Wednesday, September 16, 2009

Kinetic Artist Arthur Ganson

The Long Now talk by Arthur Ganson was rather interesting and thought provoking for me. I am not usually that big of a fan of kinetic art, as most of it seems to be a who can top who lately, but his pieces seemed much more thought provoking for me. (I will keep my critiques and thoughts short, so they do not taint your own towards the work.) He had with him, the thinking chair. It was a neat piece with a chair that walks around a rock that is suspended above the gear structure.

It is so intricate and yet so heavy at the same time, with the rock above all the delicate metal pieces and gears that move the chair. It also seems to be walking on its "hands" to me, which places the piece totally off balance. There is a tenuousness to it all, where you expect the chair to fall, or a teacher to yell "Four on the floor please" at it, and yet it seems perfectly at peace with itself.

My other favorite was Machine with Chair:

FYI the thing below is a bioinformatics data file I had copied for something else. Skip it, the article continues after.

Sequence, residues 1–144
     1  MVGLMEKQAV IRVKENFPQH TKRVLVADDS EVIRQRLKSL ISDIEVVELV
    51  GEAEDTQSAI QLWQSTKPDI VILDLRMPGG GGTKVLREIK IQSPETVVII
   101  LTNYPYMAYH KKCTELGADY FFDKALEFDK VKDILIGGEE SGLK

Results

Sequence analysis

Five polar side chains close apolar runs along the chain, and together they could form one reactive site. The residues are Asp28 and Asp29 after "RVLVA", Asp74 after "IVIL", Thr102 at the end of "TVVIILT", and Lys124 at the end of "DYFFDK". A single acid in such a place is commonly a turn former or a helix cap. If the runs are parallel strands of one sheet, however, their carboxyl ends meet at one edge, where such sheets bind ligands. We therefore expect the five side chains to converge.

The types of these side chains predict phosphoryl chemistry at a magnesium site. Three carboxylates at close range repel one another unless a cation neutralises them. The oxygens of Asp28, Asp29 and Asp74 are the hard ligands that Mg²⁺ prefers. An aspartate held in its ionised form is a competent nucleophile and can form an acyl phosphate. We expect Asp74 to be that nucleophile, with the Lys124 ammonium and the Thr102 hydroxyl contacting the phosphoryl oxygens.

I am a big fan of organic shapes and textures in artwork and architecture. The music combined with a machine dancing with a chair is so moving and beautiful to me. I am not sure if it is the dancer in me that was drawn to this particular installation, but I think the form of the machine is beautiful and the layering of the classical guitar music makes it all work together. It is form and machinery all in a perfect harmony. The most amazing thing to me is the small amount of tolerance for error that Mr. Ganson achieves with all of his art pieces.

Cory's Yellow Chair was also one that I found a great appreciation:

Mr. Ganson talked about the moment of now when explaining this piece, and I love that concept. When is now? I find that the moving meditation that is performed before my classes at Fat Chance Bellydance help to bring me into that moment of now. That movement focuses me in on what exactly I am doing at that moment with those people. This chair is also a focusing point to me. The momentary time when the chair is assembled is a definite moment of now, and then, that brief completeness is taken apart as the chair explodes.

Those are just my thoughts and reflections. If you go to Arthur Ganson's website he has many more videos of his works, including the Machine with Concrete and Margot's Cat, two other thought provoking pieces that you should really see for yourself and ponder without my thoughts cluttering yours.

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